In view of integrating High-Performance Computing (HPC) technology in Azure, Microsoft has bought Cycle Computing, a software company which simplifies this process with cloud orchestration tools.

The company’s offering allows one to deploy HPC and high-compute applications in internal grids and virtualized environments as well as on the cloud.

Peddling to success 

Azure Stack
– Microsoft

Before the acquisition, Cycle Computing grew almost threefold every year since it was founded in 2005.

CycleCloud, its bestselling service - which currently supports AWS, Google Cloud and private cloud platforms, but will be developed for Azure in future versions - provision and configure cloud clusters for big compute and large technical computing applications and to automate, monitor and manage usage and workflows.

By allowing customers to access HPC systems on the cloud more easily, Microsoft is hoping to see more of its customers transitioning workflows onto the cloud, i.e. Azure. 

“As customers continue to look for faster, more efficient ways to run their workloads, Cycle Computing’s depth and expertise around massively scalable applications make them a great fit to join our Microsoft team. Their technology will further enhance our support of Linux HPC workloads and make it easier to extend on-premise workloads to the cloud,” said Jason Zander, Azure’s corporate VP.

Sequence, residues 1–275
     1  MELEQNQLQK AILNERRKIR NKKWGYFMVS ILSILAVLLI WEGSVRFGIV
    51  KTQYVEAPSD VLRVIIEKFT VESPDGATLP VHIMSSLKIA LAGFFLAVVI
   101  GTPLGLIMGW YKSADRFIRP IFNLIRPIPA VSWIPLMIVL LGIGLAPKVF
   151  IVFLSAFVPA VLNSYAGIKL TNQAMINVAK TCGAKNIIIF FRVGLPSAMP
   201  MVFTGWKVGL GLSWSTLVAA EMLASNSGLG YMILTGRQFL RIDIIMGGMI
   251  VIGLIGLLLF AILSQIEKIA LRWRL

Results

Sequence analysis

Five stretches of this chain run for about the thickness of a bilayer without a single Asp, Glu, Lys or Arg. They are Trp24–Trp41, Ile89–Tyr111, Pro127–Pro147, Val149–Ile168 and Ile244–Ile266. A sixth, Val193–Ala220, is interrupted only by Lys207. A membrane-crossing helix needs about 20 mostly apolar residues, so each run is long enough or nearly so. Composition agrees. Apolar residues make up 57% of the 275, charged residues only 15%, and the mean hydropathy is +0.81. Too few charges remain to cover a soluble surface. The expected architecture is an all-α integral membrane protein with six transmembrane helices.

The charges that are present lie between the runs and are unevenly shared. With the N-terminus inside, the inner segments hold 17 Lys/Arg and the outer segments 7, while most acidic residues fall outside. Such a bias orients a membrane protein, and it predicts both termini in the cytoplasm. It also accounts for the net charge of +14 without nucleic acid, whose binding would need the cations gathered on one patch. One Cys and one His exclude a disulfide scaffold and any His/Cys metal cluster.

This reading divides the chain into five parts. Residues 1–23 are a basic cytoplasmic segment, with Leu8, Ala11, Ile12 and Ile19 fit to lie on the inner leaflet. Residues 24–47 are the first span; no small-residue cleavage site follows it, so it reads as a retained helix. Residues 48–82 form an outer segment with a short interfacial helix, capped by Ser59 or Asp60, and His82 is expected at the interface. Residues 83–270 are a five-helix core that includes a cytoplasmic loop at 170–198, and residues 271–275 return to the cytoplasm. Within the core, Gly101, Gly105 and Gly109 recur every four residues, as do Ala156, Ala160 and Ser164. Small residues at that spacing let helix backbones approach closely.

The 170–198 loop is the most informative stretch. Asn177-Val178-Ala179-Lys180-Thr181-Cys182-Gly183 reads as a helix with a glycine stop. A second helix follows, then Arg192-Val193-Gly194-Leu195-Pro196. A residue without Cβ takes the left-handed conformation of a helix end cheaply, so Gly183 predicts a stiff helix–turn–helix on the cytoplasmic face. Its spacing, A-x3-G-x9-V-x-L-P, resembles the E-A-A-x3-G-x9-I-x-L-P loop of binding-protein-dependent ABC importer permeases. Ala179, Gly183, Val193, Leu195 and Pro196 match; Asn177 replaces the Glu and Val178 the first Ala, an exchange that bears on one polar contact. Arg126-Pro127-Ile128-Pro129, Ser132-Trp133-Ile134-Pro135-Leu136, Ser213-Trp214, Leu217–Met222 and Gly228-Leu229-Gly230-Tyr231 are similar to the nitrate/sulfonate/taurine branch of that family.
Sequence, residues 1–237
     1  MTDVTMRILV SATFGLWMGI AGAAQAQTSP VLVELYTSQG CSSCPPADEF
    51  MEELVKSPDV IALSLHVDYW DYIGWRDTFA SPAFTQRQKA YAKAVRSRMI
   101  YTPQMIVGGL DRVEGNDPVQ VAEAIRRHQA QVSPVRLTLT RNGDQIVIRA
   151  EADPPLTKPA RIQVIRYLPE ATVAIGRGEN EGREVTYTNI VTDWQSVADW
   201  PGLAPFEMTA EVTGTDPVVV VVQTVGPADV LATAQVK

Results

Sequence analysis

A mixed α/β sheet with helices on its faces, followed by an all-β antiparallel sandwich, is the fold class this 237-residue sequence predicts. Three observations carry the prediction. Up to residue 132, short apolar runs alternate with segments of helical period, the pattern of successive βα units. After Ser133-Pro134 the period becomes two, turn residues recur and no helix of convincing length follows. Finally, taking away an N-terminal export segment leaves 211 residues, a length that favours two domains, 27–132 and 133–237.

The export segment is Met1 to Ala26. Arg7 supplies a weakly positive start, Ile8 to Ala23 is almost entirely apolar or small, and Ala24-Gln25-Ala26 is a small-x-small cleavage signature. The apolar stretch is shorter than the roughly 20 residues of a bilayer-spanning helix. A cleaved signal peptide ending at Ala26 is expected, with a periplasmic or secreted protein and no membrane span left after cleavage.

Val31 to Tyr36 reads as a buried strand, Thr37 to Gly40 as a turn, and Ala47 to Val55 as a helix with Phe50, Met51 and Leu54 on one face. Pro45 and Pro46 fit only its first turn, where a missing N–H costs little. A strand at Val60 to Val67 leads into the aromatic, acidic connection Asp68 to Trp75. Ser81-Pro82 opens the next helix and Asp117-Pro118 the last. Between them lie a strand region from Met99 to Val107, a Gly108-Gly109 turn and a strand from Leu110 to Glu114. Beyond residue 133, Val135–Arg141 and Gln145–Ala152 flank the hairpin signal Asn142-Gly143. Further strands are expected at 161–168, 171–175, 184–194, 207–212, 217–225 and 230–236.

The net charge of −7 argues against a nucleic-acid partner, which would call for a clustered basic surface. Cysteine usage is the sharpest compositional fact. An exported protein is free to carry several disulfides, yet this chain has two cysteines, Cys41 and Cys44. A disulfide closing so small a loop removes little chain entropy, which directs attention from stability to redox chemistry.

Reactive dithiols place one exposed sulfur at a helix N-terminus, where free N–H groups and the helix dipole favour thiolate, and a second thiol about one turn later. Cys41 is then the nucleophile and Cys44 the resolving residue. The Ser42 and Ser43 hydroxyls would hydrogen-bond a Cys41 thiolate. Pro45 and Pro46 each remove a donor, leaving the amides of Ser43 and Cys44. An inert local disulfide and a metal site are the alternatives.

Cycle Computing’s CEO Jason Stowe stated that “we see amazing opportunities in joining forces with Microsoft. Its global cloud footprint and unique hybrid offering is built with enterprises in mind, and its Big Compute/HPC team has already delivered pivotal technologies such as InfiniBand and next generation GPUs. The Cycle team can’t wait to combine CycleCloud’s technology for managing Linux and Windows compute and data workloads, with Microsoft Azure’s Big Compute infrastructure roadmap and global market reach.” 

On a fully unrelated note, if you’re curious about how many cyclists it would take to power a data center, DCD contributor Sarah Church may hold some of the answers.